The Leaning Tower Of Pisa: A Foundational Lesson
When you’re standing on your own two feet, the world can seem like a pretty sturdy place. Grass and dirt may feel just a little bit springy, at least compared to packed earth or pavement, but overall you can trust that it won’t slip out from under you or randomly list to the side.
However, the ground only seems sturdy because, geologically speaking, humans don’t weigh very much. For houses, offices, and towers, weight starts in the tons and goes up from there. To buildings, the world is a much less sturdy place, something the people of Pisa know all too well.
Mistakes Of The Past
The people of Pisa began construction on the tower way back in 1173, and at the time the stone structure was a marvel of modern architectural design. However, after five years and three floors, the tower began to noticeably tilt to one side.
As it turned out, the tower’s foundation was only ten feet thick, not much for a solid stone eight-story tower, and more importantly it turned out that the dense clay beneath it was not up to the task of bearing the tower’s weight. This weight caused the weakest part of the clay substrate to compact, and as a result the tower began to lean.
Construction stopped for a century after that, but in 1272 they added the remaining floors, thinking the clay beneath the foundation had settled by then. But it hadn’t, and their attempts to compensate for the lean only made things worse.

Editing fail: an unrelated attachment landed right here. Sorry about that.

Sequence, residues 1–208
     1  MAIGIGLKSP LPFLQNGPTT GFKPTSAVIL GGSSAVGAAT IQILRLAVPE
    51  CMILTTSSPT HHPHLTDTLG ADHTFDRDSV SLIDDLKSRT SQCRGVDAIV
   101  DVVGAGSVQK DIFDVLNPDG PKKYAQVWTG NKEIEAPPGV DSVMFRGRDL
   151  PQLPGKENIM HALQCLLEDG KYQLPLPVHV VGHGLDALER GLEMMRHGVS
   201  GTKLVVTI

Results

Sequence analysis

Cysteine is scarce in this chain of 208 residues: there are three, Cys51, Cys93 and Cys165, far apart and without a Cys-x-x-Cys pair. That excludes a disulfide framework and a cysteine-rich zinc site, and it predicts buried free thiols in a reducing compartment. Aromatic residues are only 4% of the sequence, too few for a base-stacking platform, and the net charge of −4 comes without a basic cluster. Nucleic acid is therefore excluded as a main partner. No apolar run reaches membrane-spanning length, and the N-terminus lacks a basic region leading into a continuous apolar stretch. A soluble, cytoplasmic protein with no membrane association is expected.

Lessons For Today
Today, homes and office buildings have the advantage of modern construction materials and knowledge of geology which goes far beyond anything our medieval ancestors knew. The builders of the Leaning Tower of Pisa didn’t have access to reinforced concrete, for instance, nor did they have ground-penetrating radar to investigate the soil’s composition.
However, while construction workers are better equipped and better educated than in the past, they can still make mistakes and cut corners, leading to a modern house which slowly but steadily starts to list to tilt to one side. Even a perfectly built home can run into trouble if something unpredictable comes along and rearranges the landscape, something like a hurricane, a snowstorm, or even a public works project.
Repairing or replacing a foundation is an expensive prospect, but it’s not something you can afford to put off. A severely cracked or bent foundation threatens the very structural integrity of the house, and it puts everything and everyone inside it at risk. For that reason, it also causes the property value to plummet. And if you procrastinate, the problem will only get worse (and more expensive).
At AA Action Waterproofing, we offer foundation repair services throughout Maryland, DC, Pennsylvania, New Jersey, Delaware, and northern Virginia. If you live in the area and your foundation is giving you issues, contact us today for a free estimate. After all, not every building can take advantage of a structural error to become a tourist attraction.